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Stars: They're Nothing Like Us (The Twitter Edition)

Everyone's talking about the Twitter and the Facebook and the Myspace these days. They've been touted as the new, innovative marketing super-tools. One of my coworkers even called another coworker the other day about a "Twitter emergency" (read: he didn't know how to operate 'the tweeting'). Everyone is constantly talking about the possibilities of using Twitter as if the internet relaunched itself into 140 character blocks and the whole world is trying to figure out how utilize it all over again. Universities think prospective students are actually going to follow them on Twitter to learn about their programs. Businesses think that Twitter is a good way to advertise. And probably the least crazy of all, celebrities have used Twitter to propel themselves even further into stardom. Ashton Kutcher recently won a challenge against CNN to be the first Twitter account to get a million followers. Not that it was really a fair fight. I mean, who would you rather follow: boring news or celebrity lifestyles? Duh.

The price of admission of being a 'pioneer' in new technology is explaining to old people what the kids are into and how it's different from the technology they are used to. For example, why is Twitter restricted to 140 characters? Why don't you just send an email if you want to update someone on your life? Or what makes this 'social networking?' To really sell it you have to get them to be comfortable enough with the technology to do it themselves. This can be achieved by testifying that some other old person uses Twitter. That's where the graphics displaying that 'Larry King is on Twitter and so is Oprah!" come in. And to seal the deal you have to get someone who has just faded out of the limelight/possibly on the boarder of washed up to testify that the new technology is just like what used to be cool. P. Diddy is a good choice for Larry King because the older generation still think that he is cool, but he's with it enough to speak intelligently on the topic.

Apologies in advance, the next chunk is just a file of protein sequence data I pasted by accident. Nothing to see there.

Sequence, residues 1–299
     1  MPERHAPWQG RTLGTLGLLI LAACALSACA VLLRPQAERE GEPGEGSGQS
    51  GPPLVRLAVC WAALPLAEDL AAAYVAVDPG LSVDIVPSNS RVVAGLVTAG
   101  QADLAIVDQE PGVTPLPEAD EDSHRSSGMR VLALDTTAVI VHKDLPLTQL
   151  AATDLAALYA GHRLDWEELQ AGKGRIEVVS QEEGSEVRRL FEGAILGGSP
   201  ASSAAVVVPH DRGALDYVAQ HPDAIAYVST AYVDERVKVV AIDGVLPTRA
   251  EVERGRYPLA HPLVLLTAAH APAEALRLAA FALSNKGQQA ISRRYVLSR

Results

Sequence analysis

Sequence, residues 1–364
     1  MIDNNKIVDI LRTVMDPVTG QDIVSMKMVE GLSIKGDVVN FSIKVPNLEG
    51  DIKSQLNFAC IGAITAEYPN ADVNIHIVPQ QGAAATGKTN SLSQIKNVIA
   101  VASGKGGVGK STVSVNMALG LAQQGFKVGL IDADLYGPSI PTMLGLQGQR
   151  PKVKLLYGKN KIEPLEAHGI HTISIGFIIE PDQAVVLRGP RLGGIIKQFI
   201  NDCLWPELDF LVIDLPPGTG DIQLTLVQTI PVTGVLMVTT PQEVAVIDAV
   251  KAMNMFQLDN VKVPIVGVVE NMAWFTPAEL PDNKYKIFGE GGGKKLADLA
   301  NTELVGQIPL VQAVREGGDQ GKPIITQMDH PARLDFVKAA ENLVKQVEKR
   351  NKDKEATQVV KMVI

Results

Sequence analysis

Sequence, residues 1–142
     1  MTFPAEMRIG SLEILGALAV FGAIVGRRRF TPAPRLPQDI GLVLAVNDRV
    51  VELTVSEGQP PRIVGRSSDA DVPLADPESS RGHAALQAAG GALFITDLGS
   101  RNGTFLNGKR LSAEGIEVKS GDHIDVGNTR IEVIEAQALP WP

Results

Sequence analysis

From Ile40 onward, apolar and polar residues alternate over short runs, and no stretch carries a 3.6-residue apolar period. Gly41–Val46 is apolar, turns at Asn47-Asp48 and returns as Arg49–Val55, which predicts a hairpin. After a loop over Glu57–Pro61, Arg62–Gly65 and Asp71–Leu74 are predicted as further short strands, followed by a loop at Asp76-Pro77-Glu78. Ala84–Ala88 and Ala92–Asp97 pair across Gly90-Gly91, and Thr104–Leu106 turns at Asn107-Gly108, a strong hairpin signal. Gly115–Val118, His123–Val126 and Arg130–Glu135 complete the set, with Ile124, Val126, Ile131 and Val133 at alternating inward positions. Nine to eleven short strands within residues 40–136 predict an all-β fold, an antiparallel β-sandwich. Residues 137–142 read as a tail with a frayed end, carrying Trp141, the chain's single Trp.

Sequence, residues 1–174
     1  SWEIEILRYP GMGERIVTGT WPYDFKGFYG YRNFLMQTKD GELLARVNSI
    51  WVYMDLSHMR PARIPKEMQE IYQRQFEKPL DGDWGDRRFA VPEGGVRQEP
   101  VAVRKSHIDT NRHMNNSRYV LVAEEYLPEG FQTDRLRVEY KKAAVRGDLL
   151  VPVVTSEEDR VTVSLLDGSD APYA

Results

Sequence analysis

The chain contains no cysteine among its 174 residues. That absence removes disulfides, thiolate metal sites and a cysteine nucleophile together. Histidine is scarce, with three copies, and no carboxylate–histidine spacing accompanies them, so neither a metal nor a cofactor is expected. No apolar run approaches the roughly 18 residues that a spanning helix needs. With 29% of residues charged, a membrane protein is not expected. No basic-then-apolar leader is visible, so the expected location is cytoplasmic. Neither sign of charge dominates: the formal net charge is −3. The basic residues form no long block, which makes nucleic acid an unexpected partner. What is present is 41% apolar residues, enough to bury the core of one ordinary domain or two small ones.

So Twitter has become so popular in a matter of months that even our parents' generation is using it. All of that being said, though, the writing was on the wall for total and utter sellout opportunities fairly quickly. The popularity of social networking sites simply grew far too rapidly. Two days ago, a pretty ambiguous article appeared in Variety Magazine outlining (sort of) a potential new reality series about Twitter that is supposed to put "ordinary people on the trail of celebrities in a revolutionary competitive format." Whatever that means. Though it was fairly non-descript, it was enough to put number one tweeter, Ashton Kutcher, on edge. They barely even said anything in the article - (it was practically short enough to tweet) - but it sent The Kutch into enough of a panic that he threatened to stop tweeting all together.

I wish I had more to report on this new reality series, but not many details came out about it. My prediction is that it's going to be fairly boring since I can't really imagine how a show could interestingly use Twitter for a watchable television show. Whatever it is, I certainly hope it won't rob the world of The Kutch's inside scoop.

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